Researchers use fluorescent imaging to locate proteins and other molecules in cells and tissues by tagging the molecules with dyes that glow under certain kinds of light — the same principle behind “black light” images. Fluorescent imaging can help scientists and researchers understand which molecules are produced in large amounts in cancer or other diseases. This information may be useful in diagnosis or in identifying possible targets for therapeutic drugs.
Looking at just one or two molecules in cell or tissue samples is fairly straightforward; however, it doesn't provide a clear picture of how those molecules are behaving in the real world. For that, scientists need to expand their view.
A new image analysis technique makes finding important biological molecules — including telltale signs of disease — and learning how they interact in living organisms much faster and far less expensive. Hyper-Spectral Phasor (HySP) analysis could even be useful for diagnosing and monitoring diseases using cellphone images. By looking at multiple targets, or watching targets move over time, the technique provides a much better view of what's actually happening within complex living systems.
Currently, researchers must look at different labels separately, then apply complicated techniques to layer them together and figure out how they relate to one another — a time-consuming and expensive process. HySP can look at many different molecules in one pass. In addition, the algorithm effectively filters through interference to discern the true signal, even if that signal is extremely weak. HySP uses much less computing time, and expensive imaging instrumentation is not necessary.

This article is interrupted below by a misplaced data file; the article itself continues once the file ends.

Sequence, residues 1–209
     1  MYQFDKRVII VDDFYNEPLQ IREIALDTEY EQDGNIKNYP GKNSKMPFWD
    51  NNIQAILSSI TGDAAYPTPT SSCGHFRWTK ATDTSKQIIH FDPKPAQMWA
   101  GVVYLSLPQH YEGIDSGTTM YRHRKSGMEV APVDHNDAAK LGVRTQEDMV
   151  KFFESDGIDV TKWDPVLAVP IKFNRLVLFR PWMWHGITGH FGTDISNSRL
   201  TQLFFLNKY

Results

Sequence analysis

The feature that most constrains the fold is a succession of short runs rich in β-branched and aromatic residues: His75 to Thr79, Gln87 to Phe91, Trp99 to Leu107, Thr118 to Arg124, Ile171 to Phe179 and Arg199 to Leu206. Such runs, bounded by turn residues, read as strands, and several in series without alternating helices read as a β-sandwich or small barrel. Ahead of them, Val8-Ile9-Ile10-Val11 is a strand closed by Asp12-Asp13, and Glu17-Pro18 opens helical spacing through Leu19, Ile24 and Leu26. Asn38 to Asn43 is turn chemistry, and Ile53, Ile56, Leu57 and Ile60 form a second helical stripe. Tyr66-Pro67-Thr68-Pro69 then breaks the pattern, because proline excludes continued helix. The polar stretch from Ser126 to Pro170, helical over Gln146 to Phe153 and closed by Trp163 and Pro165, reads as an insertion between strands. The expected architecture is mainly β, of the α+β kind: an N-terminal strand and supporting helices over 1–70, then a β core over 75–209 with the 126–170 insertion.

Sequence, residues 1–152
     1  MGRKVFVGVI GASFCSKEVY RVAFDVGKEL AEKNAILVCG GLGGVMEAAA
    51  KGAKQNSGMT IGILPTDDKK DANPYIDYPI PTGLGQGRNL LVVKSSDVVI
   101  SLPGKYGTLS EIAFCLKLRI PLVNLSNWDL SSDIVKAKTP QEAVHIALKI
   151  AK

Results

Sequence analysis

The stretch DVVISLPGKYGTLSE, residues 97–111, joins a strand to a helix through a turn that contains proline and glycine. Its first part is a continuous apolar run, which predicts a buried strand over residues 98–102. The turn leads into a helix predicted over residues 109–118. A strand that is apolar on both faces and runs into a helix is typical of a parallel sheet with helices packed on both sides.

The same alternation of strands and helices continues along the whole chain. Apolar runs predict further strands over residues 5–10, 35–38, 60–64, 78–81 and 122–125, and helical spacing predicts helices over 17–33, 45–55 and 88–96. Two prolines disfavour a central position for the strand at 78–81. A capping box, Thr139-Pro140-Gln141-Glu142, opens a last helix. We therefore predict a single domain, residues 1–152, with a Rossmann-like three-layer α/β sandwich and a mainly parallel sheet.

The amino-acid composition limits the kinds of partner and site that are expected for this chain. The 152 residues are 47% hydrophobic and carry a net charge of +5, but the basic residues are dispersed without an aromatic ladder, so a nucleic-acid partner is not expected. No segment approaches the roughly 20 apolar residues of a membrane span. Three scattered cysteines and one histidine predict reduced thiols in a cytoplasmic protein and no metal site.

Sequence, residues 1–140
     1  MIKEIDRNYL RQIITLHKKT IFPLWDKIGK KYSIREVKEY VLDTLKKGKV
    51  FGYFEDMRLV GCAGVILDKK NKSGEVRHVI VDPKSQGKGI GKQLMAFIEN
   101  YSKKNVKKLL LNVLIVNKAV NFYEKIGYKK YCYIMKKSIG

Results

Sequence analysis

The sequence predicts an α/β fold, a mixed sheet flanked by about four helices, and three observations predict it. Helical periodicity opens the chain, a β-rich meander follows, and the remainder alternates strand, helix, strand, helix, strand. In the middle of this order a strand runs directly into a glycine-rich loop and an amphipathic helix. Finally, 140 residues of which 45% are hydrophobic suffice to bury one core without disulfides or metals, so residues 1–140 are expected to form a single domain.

In experimental models, genetic manipulation can be used to label molecules, but it can't be done with people. In that case, the intrinsic signals of those molecules must be used. Those inherent signals — the natural fluorescence from biomolecules — normally get in the way of imaging. Using this new algorithm that can effectively find weak signals in a cluttered background, the researchers can pinpoint their targets in the body.
The scientists hope to test the process with the help of soldiers whose lungs have been damaged by chemicals and irritants they may have encountered in combat. A light-emitting probe will be extended down into the soldiers’ lungs while the probe records images of the fluorescence in the surrounding tissues. HySP will then be used to create a fluorescent map, which will be compared with that of healthy lung tissue to see if the damage can be discerned. If so, the team hopes to further develop the technology so it may one day help these soldiers and other lung patients receive more targeted treatment. It might also one day for clinicians to use HySP to analyze cellphone pictures of skin lesions to determine if they are at risk of being cancerous. Physicians could determine if the lesions have changed color or shape over time, and then examine the patient further to be certain of a diagnosis and respond appropriately.